Small business owners routinely prepare for operational contingencies like illness and client loss but a natural disaster like a hurricane or tornado can wipe everything away in seconds.
Is your small business prepared for that type of contingency?
According to Forbes, in many cases, the answer is no:
“While 94% of U.S. small businesses are backing up critical financial data to prepare for an emergency, only four in ten of those businesses are keeping their data off-site. But what if a flood, tornado, or other disaster damages the entire site?
Backup copies of critical records — including accounting and employee data, customer lists, and inventory — should be kept in a separate location at least 50 miles away, or maintained by an online data backup service provider, according to the Wall Street Journal’s Small Business Guidebook.”
Data backup is not the only issue. According to that Wall Street Journal Guidebook, small business owners should investigate property insurance policies as well as business interruption insurance. Backup up work sites should be scouted in advance and contingency plan developed that could be activated if a natural disaster strikes your operation.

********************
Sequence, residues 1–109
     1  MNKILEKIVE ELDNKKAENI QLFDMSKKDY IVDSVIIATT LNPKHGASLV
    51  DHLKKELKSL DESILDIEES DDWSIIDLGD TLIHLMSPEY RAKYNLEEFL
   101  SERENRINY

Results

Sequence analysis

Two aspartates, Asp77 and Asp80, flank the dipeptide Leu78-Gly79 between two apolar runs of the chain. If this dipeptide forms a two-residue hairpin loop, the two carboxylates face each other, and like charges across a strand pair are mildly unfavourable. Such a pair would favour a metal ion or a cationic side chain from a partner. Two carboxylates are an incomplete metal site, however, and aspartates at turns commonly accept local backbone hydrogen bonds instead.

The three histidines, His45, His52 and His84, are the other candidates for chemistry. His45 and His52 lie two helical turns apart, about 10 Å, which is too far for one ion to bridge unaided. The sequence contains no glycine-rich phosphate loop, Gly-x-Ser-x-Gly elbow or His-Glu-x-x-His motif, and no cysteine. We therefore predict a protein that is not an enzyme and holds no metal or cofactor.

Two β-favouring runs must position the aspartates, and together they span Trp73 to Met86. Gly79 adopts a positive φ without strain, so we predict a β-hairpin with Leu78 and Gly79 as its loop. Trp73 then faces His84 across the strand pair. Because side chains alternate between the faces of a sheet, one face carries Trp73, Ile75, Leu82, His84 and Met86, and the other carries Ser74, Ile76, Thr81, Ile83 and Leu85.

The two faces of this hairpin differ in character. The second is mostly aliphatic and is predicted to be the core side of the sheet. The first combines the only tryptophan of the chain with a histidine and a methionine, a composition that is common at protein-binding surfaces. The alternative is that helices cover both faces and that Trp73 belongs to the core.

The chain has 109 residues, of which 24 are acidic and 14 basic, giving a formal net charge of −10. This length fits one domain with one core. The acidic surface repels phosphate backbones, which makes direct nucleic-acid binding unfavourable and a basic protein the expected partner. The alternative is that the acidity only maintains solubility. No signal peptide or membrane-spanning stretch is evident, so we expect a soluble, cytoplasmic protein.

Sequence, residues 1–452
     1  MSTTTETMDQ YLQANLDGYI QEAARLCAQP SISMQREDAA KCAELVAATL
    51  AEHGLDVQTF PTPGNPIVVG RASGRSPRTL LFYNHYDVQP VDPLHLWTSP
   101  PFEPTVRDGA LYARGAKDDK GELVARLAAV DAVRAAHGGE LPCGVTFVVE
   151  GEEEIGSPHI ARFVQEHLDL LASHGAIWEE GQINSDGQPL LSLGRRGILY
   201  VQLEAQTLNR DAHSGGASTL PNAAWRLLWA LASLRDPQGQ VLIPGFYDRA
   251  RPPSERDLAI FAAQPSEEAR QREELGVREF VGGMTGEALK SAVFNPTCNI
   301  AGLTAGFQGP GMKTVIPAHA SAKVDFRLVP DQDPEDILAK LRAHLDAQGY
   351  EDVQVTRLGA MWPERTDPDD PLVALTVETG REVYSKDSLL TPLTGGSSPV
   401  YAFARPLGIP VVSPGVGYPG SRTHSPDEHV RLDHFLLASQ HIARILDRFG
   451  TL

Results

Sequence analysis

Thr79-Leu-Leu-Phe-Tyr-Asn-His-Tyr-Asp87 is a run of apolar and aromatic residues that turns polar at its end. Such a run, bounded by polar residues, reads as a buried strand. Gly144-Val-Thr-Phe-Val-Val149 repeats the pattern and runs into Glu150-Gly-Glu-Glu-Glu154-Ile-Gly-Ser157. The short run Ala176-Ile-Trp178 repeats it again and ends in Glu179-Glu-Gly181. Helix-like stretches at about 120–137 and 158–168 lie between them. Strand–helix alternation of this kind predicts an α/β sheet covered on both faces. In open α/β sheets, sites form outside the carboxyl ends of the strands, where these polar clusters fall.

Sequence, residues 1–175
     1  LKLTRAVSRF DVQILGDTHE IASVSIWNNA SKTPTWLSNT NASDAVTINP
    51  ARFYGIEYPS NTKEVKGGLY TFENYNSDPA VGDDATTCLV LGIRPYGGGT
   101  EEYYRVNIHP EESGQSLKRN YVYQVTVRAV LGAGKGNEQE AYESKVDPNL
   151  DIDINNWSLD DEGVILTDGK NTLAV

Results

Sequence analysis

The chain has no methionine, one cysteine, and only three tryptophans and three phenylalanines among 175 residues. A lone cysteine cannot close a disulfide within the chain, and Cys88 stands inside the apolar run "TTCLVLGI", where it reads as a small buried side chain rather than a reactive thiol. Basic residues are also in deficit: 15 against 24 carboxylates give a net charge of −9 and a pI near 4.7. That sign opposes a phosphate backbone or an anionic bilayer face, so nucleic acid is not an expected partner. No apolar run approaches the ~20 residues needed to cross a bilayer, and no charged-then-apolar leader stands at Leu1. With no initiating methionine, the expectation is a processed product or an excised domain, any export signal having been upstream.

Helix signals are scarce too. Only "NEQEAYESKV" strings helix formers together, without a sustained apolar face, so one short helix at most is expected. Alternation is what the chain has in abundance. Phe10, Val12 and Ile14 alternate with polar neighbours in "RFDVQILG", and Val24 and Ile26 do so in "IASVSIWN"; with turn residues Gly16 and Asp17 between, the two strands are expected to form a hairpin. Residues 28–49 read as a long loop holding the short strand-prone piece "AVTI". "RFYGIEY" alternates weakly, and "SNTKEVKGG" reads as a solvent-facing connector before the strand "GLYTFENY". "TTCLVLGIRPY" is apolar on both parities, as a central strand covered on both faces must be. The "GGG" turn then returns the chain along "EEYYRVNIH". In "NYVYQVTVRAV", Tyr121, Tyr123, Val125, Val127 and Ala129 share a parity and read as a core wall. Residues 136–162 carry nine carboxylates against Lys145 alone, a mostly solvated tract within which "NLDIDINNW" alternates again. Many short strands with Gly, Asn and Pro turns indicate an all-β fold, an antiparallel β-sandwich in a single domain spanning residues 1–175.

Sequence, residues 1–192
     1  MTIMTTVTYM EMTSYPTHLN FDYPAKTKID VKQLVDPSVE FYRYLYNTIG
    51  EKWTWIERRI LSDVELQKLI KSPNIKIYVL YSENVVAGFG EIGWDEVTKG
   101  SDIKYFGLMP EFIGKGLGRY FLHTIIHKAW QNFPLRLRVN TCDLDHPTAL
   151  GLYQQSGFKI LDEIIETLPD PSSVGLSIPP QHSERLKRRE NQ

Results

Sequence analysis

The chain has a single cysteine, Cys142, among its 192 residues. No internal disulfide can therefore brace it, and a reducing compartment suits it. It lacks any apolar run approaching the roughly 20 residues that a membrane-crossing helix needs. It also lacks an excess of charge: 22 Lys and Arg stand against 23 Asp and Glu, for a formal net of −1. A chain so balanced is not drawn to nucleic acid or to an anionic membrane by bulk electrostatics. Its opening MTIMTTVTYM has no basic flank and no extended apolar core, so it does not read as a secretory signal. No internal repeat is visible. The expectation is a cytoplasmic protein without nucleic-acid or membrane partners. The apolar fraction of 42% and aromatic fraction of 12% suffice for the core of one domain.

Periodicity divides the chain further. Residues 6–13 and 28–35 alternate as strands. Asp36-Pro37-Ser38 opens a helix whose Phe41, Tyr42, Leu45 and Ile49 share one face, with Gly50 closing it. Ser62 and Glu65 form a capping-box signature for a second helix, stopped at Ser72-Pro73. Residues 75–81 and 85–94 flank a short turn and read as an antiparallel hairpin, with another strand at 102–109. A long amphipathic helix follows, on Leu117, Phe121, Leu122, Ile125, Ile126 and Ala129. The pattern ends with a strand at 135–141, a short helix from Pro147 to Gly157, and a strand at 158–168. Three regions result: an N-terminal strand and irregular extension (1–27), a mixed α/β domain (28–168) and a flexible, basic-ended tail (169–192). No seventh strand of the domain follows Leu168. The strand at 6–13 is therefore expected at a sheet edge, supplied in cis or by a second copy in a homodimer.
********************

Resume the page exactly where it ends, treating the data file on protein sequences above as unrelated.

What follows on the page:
Also, backup vendors and suppliers should be identified so that operations can continue with as little interruption as possible.
Of course, the most important asset of all are the employees. Every business should develop a disaster readiness protocol that includes business evacuation and protective sheltering of employees. Companies should also be vigilant for threatening weather and be flexible enough to allow employees to work at home or not come in at all as major storms approach.
A communication protocol should also be set up in advance to inform employees before, during and after a natural disaster. Such a protocol should be included in disaster training. The midst of a hurricane or tornado is not the time to be figuring out a method of communication.
Nobody likes to think their small business will be victim of a natural disaster. However, the relatively small amount of time it takes to plan for that contingency can literally save your employees lives’ and the company’s future as well. Like every other detail in the operation of a successful small business, it pays to think and plan for every contingency.
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